Maintaining access to the Baltic and Poland’s major ports must remain a high NATO priority in the event of war with Russia.

This can only be accomplished with “blue” missiles capable of hitting Kaliningrad in a salvo-overmatch campaign, forcing Putin’s forces to expend their advanced “red” weapons faster than they can be resupplied. These “blue” missiles could come from small, fast missile boats that can skirt the Baltic Sea’s island-strewn shoreline, small, missile-laden diesel–electric submarines that could operate safely beneath the shallow sea, or advanced fifth-generation attack aircraft that could avoid the S-400 and operate within Putin’s “bubble.” If Kaliningrad can be neutralized, allied forces can rush armor, men, and logistical supplies into the port of Gdansk, which will be a key enabler of NATO success.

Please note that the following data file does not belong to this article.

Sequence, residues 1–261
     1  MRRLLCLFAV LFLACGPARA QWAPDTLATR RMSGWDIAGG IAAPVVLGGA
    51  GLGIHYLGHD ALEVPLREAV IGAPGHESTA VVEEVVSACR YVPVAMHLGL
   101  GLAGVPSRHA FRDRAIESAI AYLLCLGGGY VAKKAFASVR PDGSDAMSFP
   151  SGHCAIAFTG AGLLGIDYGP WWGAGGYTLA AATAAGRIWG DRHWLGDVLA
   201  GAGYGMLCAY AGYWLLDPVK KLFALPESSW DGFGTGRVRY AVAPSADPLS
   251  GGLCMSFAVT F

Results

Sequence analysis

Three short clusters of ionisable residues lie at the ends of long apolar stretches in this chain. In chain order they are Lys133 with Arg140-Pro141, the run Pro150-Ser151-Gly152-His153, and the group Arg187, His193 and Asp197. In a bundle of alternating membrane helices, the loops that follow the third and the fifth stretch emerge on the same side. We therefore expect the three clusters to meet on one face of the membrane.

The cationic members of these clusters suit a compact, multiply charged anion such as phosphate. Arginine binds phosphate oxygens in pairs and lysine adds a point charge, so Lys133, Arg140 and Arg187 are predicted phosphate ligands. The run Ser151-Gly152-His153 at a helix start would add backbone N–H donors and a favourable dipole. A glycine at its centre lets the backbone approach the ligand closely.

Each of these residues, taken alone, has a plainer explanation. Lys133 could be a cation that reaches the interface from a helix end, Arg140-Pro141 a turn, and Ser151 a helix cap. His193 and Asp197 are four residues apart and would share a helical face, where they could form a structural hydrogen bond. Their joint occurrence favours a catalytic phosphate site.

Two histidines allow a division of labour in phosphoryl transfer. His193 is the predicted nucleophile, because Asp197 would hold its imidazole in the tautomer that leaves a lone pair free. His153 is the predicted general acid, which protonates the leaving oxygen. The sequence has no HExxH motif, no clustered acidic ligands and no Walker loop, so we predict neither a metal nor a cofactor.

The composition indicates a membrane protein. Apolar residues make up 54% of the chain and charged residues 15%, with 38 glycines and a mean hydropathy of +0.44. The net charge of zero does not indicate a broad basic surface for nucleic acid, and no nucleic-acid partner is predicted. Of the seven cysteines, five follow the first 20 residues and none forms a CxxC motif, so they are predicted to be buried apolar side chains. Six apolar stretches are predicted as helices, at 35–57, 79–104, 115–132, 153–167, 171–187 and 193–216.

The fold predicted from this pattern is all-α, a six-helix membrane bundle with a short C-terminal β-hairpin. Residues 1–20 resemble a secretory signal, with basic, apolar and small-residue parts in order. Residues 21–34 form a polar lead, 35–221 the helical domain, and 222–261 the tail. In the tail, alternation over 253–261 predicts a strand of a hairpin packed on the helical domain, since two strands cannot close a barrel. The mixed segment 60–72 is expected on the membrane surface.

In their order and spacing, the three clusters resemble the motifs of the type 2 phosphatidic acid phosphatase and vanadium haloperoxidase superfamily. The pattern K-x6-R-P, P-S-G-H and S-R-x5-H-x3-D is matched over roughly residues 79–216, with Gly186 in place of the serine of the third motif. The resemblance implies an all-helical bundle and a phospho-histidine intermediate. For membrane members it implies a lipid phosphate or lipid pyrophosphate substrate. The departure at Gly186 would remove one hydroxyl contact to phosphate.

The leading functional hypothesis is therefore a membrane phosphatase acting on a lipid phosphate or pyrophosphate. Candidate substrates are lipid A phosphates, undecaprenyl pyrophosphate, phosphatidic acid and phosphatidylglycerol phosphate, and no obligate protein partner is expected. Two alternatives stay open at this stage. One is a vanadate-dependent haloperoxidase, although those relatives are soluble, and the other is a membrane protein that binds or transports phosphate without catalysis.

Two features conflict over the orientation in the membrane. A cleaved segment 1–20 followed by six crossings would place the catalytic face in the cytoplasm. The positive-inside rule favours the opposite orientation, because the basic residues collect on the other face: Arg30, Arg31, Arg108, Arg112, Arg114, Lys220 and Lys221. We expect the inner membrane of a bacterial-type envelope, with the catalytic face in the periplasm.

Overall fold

Gdansk is an exceptional industrial port. Its many piers are crowded with large, heavy-lift cranes that on a daily basis offload hundreds of tons of goods bound for and from European markets. The density of piers and cranes in the port would allow American ships to speed in, offload, and be gone before Kaliningrad could resupply and reactivate. Gdansk is also proximate to the Baltic states of Lithuania, Latvia, and Estonia, which would allow American land forces to move immediately upon their strategic objectives. Maintaining access to the Baltic and Poland’s major ports must remain a high NATO priority in the event of war with Russia.

When Putin comes, as he clearly intends to do, the allies will need to respond rapidly to prevent him from solidifying his gains and establishing a fait accompli. In northern Europe, Kaliningrad and Gdansk are the two queens on the chess board. NATO must be prepared to defend its queen while eliminating Putin’s.


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Jerry Hendrix — Jerry Hendrix is a retired U.S. Navy captain, an award-winning naval historian, and a senior fellow and director of the Defense Strategies and Assessments Program at the Center for a New American Security.